SAIC or Shanghai Automotive-owned MG, the iconic British sportscar brand, is headed to India somewhere around the middle of next year. The brand’s first product will be an SUV roughly the size of a Hyundai Tucson, and MG is working at a frantic pace to get the car ready. However, to tell us what to expect, and to give us a feel of just how capable cars from the brand are today, MG has provided us with a preview of its recently launched SUV, the HS. And what I can tell you straight up is that it easily exceeded most of my expectations.
There may be some preconceived notions of the quality to be expected from MG, but first impressions are of a car built to near-European standards. The surfacing and detail on the exterior are impressive, and the levels of fit and finish, in general, are so good that you’ll find it hard to fault. Even the difficult-to-execute chrome work seen up front and the body cladding are done nicely.
Lots of bits seem to come from Volkswagen.
The design of the car is a bit of a mix, with bits from Mazda, Porsche and even Hyundai thrown in. It looks fussy in some places too: cue the area that surrounds the fog lights; but overall, even the design works surprisingly well. I think the silhouette is sporty and neat, and the rear works well too.
I’m even more impressed when I open the door and step into the cabin. The red leather won’t be to everyone’s taste, but quality levels on the inside make me go ‘Nice!’ In fact, the high-quality steering wheel (with its flat-bottom rim), the power window switches, and the buttons along the gear selector – all these seem to be taken from the Volkswagen parts bin – a company that SAIC shares a very successful partnership with. Even more impressive is the fact that there are almost no poorly built parts here. Yes, some bits stand out as built-to-cost in an otherwise high-quality cabin. But overall, it has completely reset my expectations. Even the rear seat is very comfortable, and because this car is built on a long wheelbase, there’s plenty of legroom in the back, too.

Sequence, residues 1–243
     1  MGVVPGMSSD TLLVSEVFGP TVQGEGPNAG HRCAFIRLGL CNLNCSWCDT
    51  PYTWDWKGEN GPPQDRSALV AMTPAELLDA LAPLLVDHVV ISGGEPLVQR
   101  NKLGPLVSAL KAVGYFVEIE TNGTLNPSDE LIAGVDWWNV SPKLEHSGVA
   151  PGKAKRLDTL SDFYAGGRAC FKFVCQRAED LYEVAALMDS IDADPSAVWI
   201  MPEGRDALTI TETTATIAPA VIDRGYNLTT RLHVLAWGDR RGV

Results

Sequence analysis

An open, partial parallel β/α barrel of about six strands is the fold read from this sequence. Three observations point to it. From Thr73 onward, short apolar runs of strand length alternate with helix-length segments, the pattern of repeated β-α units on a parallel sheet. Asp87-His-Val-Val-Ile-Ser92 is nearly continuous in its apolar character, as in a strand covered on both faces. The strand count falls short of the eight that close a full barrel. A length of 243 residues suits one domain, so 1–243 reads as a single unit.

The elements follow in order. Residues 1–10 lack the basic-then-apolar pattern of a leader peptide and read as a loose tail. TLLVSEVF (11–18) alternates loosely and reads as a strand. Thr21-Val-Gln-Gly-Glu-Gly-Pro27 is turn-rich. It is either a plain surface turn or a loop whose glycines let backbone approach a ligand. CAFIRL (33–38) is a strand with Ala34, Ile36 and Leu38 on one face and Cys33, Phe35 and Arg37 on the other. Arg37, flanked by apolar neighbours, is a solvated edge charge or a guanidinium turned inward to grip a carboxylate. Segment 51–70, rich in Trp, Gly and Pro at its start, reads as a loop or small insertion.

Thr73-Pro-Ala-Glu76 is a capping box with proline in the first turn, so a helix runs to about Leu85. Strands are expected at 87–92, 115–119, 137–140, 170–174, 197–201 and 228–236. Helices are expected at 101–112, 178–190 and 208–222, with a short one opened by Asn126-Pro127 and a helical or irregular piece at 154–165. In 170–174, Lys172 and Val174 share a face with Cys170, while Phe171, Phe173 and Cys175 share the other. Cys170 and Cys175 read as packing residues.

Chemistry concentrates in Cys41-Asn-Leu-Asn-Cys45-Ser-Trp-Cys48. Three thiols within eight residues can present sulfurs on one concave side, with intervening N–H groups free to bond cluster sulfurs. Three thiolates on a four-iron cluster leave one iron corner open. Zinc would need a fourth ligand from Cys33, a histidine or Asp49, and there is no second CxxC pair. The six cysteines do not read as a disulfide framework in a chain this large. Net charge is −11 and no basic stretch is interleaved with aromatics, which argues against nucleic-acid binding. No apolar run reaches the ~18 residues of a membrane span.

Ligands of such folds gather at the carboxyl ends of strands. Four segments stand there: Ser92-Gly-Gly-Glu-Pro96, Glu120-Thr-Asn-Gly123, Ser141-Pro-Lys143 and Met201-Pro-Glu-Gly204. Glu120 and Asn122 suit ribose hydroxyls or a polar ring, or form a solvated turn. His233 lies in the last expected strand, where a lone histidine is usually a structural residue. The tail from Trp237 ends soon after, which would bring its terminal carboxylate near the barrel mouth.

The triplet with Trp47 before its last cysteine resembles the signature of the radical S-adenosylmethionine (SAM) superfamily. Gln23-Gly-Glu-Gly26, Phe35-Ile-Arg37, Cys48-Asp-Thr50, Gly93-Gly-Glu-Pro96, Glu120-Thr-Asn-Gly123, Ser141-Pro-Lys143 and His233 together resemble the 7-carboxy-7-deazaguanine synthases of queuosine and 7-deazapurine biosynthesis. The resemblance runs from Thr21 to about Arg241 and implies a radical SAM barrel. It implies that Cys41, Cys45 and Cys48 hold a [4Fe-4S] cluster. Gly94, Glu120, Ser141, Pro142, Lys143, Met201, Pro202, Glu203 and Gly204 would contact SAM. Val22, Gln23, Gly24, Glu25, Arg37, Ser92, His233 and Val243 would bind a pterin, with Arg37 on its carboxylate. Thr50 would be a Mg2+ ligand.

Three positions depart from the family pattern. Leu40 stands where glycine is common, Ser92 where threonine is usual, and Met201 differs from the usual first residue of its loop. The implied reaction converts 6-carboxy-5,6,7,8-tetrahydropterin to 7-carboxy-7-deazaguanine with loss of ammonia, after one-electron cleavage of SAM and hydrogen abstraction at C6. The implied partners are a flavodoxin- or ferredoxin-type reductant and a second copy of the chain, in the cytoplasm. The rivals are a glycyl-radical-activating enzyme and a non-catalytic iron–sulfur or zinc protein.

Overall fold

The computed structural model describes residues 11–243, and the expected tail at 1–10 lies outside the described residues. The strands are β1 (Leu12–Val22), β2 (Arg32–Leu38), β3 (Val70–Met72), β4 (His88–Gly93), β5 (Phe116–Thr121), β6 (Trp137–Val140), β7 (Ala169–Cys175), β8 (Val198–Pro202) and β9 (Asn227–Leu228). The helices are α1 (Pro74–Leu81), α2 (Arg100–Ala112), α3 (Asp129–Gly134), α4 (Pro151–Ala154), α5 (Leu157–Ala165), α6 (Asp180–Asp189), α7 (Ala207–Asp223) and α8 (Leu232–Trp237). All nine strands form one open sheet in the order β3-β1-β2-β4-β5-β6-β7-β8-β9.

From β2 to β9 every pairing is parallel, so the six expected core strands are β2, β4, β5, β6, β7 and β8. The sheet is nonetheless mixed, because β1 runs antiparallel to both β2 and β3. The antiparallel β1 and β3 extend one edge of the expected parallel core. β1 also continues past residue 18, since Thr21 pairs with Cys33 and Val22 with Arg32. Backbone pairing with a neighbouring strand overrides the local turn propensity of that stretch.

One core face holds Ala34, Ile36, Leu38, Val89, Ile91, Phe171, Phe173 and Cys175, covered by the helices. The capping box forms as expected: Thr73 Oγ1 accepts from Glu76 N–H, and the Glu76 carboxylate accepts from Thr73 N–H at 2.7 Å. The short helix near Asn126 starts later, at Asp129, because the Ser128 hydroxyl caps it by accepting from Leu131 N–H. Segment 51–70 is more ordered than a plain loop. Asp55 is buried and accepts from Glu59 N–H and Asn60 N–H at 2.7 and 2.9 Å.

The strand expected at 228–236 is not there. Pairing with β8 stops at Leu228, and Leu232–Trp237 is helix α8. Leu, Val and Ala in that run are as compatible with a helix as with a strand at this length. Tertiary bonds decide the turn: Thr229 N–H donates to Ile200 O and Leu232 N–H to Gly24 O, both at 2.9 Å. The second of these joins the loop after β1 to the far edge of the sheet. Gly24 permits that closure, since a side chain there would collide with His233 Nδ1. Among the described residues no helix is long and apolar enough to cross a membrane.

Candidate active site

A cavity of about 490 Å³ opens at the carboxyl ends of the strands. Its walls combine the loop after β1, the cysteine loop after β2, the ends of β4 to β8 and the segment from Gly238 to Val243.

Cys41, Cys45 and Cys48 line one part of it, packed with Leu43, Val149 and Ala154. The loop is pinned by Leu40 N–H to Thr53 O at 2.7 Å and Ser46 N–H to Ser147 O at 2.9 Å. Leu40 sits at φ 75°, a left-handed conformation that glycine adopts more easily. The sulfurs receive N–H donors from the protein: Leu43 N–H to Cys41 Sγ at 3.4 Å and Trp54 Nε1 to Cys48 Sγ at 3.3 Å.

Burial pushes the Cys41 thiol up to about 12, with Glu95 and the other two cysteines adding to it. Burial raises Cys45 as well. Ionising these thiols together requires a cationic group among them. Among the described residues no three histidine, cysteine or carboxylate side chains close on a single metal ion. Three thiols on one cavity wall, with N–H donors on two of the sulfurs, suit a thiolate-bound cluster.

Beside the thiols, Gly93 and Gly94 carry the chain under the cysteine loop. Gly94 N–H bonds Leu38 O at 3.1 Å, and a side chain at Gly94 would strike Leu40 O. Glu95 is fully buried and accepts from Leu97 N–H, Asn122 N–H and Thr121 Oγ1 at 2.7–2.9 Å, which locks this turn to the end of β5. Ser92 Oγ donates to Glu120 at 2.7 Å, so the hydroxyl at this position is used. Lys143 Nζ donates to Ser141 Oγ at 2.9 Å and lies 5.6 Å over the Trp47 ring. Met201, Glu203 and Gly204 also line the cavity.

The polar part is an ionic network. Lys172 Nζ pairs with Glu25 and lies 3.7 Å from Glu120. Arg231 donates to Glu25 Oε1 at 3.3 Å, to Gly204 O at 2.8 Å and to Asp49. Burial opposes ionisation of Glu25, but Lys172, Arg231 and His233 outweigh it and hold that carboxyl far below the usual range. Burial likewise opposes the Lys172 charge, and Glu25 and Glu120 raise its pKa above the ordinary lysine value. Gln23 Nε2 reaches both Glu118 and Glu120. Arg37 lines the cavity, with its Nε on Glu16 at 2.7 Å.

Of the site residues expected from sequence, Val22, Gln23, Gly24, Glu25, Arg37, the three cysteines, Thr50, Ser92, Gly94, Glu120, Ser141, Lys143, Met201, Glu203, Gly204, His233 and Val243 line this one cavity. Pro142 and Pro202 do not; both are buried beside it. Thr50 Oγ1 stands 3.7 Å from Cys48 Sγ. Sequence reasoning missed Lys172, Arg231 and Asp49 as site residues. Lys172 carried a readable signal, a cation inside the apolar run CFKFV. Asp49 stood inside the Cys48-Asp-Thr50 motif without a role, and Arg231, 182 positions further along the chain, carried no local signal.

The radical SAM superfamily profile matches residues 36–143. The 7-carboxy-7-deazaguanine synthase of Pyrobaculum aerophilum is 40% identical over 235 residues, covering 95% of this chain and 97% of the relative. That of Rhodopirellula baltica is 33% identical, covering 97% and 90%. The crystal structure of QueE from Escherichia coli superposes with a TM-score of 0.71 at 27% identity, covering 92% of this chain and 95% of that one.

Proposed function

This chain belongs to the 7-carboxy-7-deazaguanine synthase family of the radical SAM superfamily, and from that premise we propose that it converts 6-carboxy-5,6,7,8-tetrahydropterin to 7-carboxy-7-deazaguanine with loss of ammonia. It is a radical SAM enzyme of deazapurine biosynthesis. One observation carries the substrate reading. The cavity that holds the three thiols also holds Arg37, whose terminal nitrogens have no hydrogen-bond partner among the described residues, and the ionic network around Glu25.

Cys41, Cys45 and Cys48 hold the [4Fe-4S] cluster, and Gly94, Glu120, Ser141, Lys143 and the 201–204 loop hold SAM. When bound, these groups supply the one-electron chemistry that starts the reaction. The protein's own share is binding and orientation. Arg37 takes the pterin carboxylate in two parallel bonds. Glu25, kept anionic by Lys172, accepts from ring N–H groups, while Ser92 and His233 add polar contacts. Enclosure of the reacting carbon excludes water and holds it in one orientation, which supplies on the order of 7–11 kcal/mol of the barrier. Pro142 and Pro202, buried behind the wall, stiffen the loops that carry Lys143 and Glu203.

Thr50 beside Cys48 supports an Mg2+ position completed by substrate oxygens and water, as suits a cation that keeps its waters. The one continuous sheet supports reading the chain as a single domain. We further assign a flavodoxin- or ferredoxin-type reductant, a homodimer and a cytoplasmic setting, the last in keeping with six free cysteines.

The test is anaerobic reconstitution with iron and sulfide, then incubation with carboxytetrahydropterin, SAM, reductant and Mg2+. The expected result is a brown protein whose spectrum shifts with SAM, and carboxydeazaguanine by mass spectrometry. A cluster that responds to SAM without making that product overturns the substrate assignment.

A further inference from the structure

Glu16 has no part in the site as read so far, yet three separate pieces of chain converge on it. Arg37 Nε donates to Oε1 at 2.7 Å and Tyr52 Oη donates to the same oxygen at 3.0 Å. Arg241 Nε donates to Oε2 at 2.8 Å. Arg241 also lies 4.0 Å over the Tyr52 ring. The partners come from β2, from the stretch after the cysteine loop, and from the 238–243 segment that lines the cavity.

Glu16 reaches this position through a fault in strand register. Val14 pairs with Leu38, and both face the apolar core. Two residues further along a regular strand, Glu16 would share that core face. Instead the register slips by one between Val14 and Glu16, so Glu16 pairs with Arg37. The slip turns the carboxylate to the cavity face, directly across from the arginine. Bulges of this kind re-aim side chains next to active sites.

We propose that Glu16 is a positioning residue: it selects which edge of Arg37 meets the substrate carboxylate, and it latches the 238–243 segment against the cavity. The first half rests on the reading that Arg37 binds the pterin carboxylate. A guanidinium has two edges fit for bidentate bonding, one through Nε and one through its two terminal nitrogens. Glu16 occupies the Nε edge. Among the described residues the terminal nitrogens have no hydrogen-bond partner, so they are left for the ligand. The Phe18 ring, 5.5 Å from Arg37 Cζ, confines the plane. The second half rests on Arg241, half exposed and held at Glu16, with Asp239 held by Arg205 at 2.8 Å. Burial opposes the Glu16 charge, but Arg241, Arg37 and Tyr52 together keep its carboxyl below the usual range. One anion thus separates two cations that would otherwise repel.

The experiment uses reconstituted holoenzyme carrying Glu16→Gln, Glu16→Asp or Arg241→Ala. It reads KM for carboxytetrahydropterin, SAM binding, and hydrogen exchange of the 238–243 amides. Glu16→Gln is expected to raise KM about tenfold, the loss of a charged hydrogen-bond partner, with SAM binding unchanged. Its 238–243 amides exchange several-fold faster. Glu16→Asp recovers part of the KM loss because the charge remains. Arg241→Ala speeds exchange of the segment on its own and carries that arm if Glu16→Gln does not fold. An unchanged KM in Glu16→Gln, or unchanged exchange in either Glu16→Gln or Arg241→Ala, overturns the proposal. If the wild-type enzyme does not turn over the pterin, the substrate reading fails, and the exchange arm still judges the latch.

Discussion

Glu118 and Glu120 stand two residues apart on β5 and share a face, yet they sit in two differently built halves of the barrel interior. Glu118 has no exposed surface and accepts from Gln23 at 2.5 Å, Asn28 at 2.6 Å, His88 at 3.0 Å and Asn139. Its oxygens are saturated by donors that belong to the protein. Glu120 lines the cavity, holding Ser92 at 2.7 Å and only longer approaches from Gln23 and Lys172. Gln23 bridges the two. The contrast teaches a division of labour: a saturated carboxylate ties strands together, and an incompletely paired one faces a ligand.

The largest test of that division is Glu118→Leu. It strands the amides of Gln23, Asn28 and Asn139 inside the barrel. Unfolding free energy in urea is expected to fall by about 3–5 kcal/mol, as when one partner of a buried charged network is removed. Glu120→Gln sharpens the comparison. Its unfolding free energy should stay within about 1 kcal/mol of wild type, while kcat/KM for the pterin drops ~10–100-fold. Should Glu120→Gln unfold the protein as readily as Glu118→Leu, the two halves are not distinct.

Quality levels, fit and finish are impressive – even the chrome work is done well.
We even managed a short drive around SAIC’s proving grounds, and here too, it was the supple ride comfort that got my attention first. Now normally this is something that’s difficult to judge on a test track, but here we had broken sections of tarmac, large expansion joints and even potholes – all put in to simulate some of China’s not-so-well-built roads; perfect for judging how the car will ride back home. The HS, on its long travel suspension, put up a truly impressive performance, with only a hint of firmness filtering through.
I wasn’t as impressed with the automatic gearbox, however. It seemed slow at times, even for regular driving, it slurs a bit, and while the shifts are smooth, it seems to lack urgency. The 2.0-litre, direct-injection turbo-petrol engine has a strong mid-range, and this makes driving it in a relaxed manner quite agreeable. But the turbo seems to come in quite suddenly at medium speeds and once past 3,500rpm.
Some of MG’s own designs add a good touch too.
First impressions are difficult to forget – especially if they are this strong – and if MG’s SUV for India is built and engineered to similar standards and comes with the added advantage of Fiat’s 2.0-litre diesel engine under the hood, MG, I think, has a good shot at success. Also something you can be sure of: the price will be very competitive. Interesting times lie ahead.